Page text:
Multi linguistic site


#1

How do I make my site multi linguistic?


#2

Hi Pieter,

multi-language sites are complex for a few reasons:

  • you need to work with a translator, who most likely won’t be using Sparkle
  • you need to account for the translated text having different size than the original, so this means reshuffling the layout
  • Sparkle doesn’t currently have per-language privacy and search result pages, so this suggests using separate Sparkle projects for each language
  • separate Sparkle projects mean you risk the style drifting in different directions

The only bonus is separate files means you can publish to different domains, which if you can (say having both a .fr and a .de domain), I’m told produces better search engine placement in the long run, than having both languages under the same domain and a /fr/ and /de/ sub-folder.

So the process looks like this:

  • you extract the text from your pages
  • you send them to a translator
  • you duplicate the file
  • you insert the text in the duplicate file, in place of the original
  • you tweak the layout for text that didn’t quite fit

Once you have the text in multiple languages, you should use the cross-linking of pages by adding the languages in the site settings, then for each page that’s available in multiple languages setup the connection between one language and the other via the options mentioned at the bottom of the page settings.

This cross-linking is tedious, but it creates “hreflang” attributes in the pages and in the sitemap, which Google and other search engines then use to direct customers of different languages to the results most relevant to them.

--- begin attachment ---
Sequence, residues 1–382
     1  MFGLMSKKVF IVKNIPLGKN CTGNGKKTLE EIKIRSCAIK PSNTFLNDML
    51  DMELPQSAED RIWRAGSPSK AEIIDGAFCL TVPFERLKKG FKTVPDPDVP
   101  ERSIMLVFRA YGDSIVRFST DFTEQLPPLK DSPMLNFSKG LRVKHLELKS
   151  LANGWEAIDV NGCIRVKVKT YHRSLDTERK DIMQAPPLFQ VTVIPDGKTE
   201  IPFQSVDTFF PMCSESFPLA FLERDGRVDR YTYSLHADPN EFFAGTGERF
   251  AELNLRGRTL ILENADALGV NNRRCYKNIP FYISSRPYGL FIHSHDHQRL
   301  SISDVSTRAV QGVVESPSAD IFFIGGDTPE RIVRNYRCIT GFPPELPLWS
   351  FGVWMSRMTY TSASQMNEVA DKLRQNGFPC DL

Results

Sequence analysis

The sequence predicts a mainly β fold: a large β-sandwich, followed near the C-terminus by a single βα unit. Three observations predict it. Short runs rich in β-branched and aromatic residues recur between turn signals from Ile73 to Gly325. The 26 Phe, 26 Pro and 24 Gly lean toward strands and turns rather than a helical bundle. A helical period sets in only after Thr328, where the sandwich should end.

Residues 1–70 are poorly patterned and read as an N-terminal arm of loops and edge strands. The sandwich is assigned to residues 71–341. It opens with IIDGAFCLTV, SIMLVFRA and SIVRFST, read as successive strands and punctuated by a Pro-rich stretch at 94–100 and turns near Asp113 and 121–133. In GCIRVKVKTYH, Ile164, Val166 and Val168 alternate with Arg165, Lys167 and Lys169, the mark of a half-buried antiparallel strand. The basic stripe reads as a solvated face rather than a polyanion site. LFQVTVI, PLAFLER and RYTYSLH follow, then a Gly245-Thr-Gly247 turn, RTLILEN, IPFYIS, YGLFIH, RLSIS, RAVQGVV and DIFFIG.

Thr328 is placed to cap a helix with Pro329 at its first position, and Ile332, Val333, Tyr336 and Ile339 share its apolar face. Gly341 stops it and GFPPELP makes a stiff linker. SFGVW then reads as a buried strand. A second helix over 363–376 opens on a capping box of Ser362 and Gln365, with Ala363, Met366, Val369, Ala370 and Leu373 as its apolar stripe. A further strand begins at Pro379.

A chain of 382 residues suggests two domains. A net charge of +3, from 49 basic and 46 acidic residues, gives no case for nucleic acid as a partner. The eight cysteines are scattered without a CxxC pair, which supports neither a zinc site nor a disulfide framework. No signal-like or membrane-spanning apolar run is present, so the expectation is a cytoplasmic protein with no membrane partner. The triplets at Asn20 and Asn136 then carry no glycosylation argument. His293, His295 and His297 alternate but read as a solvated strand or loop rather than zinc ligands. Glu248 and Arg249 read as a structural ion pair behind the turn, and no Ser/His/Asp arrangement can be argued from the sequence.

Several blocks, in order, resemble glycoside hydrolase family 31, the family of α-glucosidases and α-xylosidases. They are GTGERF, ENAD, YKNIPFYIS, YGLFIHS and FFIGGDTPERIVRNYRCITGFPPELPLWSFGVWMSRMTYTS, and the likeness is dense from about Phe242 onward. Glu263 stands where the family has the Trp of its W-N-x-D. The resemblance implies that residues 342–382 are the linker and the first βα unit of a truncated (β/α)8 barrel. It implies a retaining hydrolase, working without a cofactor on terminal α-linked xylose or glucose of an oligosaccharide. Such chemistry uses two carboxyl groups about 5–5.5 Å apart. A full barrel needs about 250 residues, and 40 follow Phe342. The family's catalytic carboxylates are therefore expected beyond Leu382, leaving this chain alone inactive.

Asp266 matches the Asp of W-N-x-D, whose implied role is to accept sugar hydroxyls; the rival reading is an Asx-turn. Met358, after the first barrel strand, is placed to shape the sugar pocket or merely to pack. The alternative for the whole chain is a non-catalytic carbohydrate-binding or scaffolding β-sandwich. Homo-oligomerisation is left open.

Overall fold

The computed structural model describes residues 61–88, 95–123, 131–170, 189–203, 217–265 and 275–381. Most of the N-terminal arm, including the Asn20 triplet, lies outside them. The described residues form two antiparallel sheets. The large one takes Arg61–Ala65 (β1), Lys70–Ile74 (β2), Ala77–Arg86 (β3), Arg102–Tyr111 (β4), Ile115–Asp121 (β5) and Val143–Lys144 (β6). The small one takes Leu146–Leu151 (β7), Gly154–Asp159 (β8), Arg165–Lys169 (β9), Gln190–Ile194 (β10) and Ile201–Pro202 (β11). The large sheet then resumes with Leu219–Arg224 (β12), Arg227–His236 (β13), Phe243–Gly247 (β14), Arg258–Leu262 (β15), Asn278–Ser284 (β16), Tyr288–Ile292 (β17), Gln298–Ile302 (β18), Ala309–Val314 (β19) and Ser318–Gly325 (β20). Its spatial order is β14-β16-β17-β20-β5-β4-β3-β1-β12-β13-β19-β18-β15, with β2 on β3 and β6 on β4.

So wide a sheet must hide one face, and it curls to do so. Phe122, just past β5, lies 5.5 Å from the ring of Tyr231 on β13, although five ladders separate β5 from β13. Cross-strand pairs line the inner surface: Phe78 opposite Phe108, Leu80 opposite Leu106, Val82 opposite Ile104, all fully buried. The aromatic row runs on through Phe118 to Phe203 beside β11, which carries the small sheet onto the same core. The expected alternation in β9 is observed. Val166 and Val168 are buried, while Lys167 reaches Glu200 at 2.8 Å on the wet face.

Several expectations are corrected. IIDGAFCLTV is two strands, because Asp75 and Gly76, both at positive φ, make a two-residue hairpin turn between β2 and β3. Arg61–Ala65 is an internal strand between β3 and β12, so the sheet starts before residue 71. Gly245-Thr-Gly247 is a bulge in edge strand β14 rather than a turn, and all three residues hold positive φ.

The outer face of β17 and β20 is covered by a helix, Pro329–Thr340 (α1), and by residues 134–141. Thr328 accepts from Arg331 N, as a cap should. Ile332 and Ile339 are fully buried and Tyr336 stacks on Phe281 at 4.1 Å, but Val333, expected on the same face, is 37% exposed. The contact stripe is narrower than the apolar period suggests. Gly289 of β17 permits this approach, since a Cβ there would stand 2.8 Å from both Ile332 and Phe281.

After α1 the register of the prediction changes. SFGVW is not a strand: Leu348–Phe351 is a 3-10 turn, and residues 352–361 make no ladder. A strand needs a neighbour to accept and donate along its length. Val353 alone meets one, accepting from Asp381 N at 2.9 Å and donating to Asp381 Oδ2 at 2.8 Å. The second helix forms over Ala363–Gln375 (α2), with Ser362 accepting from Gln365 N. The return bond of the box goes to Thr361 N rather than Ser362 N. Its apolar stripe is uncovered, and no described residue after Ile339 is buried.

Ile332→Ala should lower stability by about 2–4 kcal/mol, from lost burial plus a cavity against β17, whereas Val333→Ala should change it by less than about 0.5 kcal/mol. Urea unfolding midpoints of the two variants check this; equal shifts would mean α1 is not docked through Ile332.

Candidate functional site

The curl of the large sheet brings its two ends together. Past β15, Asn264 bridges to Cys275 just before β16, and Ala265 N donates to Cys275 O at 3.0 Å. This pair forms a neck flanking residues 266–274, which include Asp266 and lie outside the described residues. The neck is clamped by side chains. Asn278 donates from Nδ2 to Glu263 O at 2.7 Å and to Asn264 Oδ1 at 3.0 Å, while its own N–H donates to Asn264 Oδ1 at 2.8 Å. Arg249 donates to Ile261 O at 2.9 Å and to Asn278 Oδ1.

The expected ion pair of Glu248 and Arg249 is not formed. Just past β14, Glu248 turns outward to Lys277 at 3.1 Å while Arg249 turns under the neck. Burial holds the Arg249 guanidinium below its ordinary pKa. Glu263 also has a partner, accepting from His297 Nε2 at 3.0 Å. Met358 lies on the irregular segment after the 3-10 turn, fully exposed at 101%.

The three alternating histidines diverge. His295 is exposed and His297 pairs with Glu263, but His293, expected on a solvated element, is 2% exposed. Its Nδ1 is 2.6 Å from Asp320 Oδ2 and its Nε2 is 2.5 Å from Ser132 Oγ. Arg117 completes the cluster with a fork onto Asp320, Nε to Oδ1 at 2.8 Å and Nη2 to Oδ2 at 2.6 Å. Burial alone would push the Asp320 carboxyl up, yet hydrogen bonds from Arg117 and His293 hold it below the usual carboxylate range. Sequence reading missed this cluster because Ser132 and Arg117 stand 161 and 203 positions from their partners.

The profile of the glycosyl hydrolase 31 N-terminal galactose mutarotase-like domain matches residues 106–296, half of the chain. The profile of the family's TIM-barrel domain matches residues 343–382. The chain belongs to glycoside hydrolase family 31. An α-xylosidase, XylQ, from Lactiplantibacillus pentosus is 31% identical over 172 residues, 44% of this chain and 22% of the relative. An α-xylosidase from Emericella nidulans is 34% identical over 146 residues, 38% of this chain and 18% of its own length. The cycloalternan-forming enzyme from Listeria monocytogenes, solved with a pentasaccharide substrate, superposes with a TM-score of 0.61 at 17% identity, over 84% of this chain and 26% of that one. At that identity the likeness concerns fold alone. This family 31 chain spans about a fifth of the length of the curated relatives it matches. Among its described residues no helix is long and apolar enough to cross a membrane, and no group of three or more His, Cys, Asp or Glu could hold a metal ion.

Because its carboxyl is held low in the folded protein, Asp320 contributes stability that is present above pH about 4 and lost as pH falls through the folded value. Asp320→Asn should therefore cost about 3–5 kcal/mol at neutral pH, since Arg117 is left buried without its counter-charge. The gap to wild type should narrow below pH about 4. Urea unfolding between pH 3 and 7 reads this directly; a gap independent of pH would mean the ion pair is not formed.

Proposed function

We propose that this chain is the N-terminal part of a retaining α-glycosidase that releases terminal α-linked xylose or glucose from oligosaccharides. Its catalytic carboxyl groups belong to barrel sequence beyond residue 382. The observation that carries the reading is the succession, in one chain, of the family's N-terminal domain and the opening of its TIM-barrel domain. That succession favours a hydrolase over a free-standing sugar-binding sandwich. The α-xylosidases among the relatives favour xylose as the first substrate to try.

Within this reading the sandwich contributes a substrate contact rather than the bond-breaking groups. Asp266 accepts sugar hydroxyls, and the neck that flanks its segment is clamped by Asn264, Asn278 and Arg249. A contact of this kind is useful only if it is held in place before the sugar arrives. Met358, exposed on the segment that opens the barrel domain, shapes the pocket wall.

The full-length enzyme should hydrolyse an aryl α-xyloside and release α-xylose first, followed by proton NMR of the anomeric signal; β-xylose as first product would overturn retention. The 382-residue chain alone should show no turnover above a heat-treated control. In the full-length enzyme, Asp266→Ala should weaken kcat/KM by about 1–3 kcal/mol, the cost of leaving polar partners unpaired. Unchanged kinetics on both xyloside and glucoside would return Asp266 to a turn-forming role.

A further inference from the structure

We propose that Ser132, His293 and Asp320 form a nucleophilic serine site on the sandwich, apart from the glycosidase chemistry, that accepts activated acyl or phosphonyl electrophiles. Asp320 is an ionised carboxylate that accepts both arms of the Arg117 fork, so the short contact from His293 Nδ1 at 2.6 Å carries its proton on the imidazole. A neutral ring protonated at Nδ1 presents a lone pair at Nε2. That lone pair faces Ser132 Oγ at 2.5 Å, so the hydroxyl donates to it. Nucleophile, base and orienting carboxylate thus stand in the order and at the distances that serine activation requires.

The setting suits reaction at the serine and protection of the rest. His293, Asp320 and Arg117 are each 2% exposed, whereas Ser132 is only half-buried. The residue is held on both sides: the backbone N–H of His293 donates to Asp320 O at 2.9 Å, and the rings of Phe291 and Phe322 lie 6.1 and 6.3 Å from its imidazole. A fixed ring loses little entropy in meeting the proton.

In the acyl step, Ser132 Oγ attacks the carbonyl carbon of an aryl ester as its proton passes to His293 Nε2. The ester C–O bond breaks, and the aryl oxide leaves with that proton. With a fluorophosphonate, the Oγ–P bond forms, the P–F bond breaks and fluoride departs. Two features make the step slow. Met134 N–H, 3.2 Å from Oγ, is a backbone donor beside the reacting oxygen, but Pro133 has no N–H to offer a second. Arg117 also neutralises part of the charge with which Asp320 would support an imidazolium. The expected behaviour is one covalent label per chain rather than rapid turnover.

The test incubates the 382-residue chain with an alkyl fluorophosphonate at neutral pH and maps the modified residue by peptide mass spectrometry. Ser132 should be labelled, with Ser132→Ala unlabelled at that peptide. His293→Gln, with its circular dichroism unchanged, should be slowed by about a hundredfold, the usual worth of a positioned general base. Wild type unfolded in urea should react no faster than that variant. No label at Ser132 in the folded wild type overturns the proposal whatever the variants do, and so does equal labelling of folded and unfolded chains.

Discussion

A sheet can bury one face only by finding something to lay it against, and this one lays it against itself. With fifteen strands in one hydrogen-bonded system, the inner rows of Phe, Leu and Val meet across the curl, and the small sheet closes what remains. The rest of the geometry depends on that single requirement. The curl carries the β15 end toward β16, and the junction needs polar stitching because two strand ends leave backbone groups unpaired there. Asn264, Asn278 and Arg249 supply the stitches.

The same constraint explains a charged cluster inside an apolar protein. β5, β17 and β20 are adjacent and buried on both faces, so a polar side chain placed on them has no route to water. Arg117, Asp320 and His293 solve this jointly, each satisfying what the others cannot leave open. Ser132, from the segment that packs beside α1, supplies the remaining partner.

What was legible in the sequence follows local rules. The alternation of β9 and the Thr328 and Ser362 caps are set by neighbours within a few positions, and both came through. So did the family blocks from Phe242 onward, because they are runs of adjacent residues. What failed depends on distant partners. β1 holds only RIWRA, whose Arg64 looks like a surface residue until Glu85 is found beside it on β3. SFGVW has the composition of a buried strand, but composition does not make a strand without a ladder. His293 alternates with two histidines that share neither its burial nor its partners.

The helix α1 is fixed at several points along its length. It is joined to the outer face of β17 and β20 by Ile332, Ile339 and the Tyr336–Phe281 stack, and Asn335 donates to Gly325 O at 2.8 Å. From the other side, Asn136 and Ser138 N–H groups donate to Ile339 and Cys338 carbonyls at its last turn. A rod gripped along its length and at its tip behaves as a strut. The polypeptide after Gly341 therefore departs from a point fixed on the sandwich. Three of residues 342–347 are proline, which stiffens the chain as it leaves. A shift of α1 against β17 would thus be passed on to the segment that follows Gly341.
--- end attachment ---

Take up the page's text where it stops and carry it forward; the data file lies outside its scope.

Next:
There are some things we can do to streamline this process, we translate large Sparkle documents ourselves (the documentation, and soon the main site as well), so we feel the pain. But this looks like it for now.


#3

Thank you Duncan, I will follow your advice. π


#4

It is a lot of extra work to have two separate sites for two languages. To keep the content in sync. I just put the link of the English page in translate.google.com, choose the language and used the translated link as a button on the English page. You can see this in action here: https://tramfabriek.nl/be1001.html


#5

Dear Sven, thx for your post! At first it looks great, though I cannot judge the quality of the translation. Usually after Google translate you have to go over the translation thoroughly to make it proper language. But I see the navigation doesn’t work…


#6

I think the easiest way is to duplicate the page when it is finished, then translate it (correctly) and finally add a small flag with a link on the original page and on the copy so that you can switch from one page to another and display the language of your choice.
I mean, for my part, I find it much more effective.


#7

I tried that and it would work for a finished page that never or hardly changes. But for a website that changes a lot, you’ll be maintaining in effect two websites. From experience, that gets very confusing (“which words did I have to update again?”) and a lot of work. So I don’t do that anymore.